Google the musical, The Book of Mormon, and you'll almost certainly find people using the words “irreverent”, “crass”, and “ridiculously funny” to describe it. It's a show that uses wit and humor to explore faith and in particular, the Mormon faith.
As a musical geek who's listened to the soundtrack for the better part of a year, I was excited to see the Chicago production of it. I knew enough about the show to leave my sensibilities at the door. Having done that, I was not at all surprised that I laughed from the moment the curtain opened until it fell at the end of the last scene.
I was, however, surprised when I opened my Playbill and found a series of advertisements from the LDS church for the actual Book of Mormon, two of which are featured below:
Since The Book of Mormon took Broadway by storm in 2011, I've heard various responses from people of faith to it. While some have enjoyed it, others have been outraged by it's depiction of faith, vulgar language, and sexual references.
As a result of these reactions, even though I had not actually heard anything about the response of the LDS to the musical, I assumed they weren't happy with it. What's more, I mistakingly assumed they had responded to it the same way Christians so often respond to that which angers or offends them: By publicly speaking out against it and then calling on people to boycott it. I couldn't have been more wrong. Instead of this, I saw a church seize the moment and evangelize, attempting to reach those in the audience with the real message of their faith.
The more I've considered this, the more I've found myself thinking about the National Study of Youth and Religion, a longitudinal study led by Christian Smith. Among other things, this study concluded that Mormons top the charts in “religious devotion, in overall well-being, in integration of faith and life.” According to Smith, “when belief and social outcomes are measured, Mormon kids tend to be on top.”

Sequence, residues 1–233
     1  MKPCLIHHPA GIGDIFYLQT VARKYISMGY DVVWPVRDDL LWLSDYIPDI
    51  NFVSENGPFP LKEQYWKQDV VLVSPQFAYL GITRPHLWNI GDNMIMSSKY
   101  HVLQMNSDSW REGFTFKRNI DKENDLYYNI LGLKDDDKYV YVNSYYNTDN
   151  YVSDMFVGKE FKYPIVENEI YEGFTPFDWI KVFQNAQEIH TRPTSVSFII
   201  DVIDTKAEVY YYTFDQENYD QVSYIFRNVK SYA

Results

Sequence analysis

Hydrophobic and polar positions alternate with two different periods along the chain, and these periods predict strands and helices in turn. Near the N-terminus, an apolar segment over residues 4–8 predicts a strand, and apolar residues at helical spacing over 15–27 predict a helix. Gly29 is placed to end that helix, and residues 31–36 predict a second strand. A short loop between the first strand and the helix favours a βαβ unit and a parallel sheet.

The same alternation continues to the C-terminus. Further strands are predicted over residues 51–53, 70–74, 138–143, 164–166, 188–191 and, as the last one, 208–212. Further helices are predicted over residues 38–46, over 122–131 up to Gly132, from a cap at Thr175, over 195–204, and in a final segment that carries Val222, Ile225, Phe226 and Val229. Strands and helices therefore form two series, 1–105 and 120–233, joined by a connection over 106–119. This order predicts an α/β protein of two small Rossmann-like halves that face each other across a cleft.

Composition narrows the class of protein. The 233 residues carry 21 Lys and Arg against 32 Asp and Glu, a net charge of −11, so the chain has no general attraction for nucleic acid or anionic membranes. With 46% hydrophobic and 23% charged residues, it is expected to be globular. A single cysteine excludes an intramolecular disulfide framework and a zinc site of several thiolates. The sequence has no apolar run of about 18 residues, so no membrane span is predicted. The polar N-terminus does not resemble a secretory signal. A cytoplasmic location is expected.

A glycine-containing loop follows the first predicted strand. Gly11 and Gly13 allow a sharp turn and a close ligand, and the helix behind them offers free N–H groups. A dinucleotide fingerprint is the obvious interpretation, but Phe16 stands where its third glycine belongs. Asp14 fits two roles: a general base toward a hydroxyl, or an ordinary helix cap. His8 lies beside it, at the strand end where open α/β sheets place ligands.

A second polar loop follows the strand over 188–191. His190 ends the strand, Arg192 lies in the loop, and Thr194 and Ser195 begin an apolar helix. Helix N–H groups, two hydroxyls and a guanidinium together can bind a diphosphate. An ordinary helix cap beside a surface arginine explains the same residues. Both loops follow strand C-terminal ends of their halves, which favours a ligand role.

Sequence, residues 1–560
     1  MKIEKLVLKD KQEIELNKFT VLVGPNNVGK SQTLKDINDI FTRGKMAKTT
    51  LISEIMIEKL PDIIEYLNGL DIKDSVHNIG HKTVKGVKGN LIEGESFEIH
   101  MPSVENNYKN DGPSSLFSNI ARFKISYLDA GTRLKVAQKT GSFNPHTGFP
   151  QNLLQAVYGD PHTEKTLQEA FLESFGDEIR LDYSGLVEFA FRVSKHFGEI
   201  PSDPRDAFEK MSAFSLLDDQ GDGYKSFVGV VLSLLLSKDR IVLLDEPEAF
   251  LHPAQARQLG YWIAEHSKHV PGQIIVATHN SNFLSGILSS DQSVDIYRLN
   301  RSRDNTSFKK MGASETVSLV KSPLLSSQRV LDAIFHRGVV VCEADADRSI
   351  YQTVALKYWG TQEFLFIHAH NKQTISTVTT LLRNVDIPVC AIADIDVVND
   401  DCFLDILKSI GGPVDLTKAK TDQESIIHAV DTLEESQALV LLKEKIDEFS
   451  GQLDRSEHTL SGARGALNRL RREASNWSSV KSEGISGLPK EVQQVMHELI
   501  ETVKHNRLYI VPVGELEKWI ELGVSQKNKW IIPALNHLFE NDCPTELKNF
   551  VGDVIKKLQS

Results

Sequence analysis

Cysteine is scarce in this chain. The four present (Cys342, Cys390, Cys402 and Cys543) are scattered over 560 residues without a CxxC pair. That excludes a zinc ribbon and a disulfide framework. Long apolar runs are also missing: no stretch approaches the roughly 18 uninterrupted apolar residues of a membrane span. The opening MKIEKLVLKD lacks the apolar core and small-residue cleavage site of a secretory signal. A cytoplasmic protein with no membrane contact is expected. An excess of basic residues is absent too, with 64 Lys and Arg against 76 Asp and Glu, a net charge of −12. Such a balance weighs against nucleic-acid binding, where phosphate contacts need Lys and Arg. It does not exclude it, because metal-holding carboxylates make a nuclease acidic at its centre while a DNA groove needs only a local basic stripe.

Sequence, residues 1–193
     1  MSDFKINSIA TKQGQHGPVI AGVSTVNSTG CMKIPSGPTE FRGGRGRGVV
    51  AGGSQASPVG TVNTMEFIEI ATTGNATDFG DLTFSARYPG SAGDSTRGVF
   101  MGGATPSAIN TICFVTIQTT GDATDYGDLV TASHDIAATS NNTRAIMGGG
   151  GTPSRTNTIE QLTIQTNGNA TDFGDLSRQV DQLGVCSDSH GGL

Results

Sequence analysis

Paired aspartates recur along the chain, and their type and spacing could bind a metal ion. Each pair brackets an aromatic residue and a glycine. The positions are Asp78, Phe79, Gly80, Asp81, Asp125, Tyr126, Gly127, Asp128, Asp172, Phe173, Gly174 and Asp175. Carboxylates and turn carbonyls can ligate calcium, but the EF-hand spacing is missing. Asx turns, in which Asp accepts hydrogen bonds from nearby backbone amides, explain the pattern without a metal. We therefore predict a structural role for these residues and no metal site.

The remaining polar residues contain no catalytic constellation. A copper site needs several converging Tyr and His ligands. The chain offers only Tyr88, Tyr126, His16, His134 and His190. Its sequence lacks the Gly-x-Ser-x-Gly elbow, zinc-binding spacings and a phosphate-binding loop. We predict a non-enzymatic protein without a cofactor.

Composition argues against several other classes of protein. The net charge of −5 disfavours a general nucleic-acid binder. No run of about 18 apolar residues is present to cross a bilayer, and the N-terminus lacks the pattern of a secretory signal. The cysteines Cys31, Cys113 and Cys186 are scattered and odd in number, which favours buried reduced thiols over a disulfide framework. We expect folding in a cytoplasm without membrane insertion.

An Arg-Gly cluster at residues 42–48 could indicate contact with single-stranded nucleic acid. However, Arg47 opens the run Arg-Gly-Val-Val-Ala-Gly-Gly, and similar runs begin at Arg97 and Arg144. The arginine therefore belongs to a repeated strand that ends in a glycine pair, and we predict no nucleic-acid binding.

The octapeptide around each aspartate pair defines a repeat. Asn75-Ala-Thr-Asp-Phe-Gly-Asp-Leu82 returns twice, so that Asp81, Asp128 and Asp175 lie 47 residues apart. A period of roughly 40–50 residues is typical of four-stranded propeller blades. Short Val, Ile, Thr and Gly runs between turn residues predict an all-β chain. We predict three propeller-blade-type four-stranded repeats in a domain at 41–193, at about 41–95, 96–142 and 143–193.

In her book, Almost Christian
, Kenda Creasy Dean explores this finding in a chapter entitled, “Mormon Envy”. In it, Dean describes how
- LDS teens are “less likely to drink, smoke, and engage in risky behavior”
- LDS teens have a “more religiously articulated home life culture than evangelical families”
- Mormon teens tend to be the “spiritual athletes of their generation, conditioning for an eternal goal with an intensity that requires sacrifice, discipline, and energy”
- The “premiere rite of passage into Mormon adulthood is missionary service, encouraged for all Mormon males before they finish college” (Indeed, it is this rite of passage that serves as the basis for the musical, The Book of Mormon).
- Mormonism is “not an activity they choose nor a church they attend. It's literally a way of life that affects every choice they make.”
In other words, the LDS church demands more of their teens than many denominations do. Yet, rather than fall short, Mormon teens tend to reach and surpass the high expectations that are set for them.
In light of these findings, the appearance of the ads for the LDS church in The Book of Mormon Playbill seems less surprising. It seems instead it's simply one of many examples of how Mormons use “the tools of the surrounding culture” to further their cause and faith (Almost Christian, 46).
That's something that as a youth worker, I sit in awe of, especially knowing how reluctant people in my own denomination (as well as many others) often are to share their faith with others.
Perhaps, then, we would do well to learn from the Mormons about how to respond to that which bothers us by fearlessly seizing any and all opportunities to share our faith with others – no matter how absurd those opportunities may at first appear to be.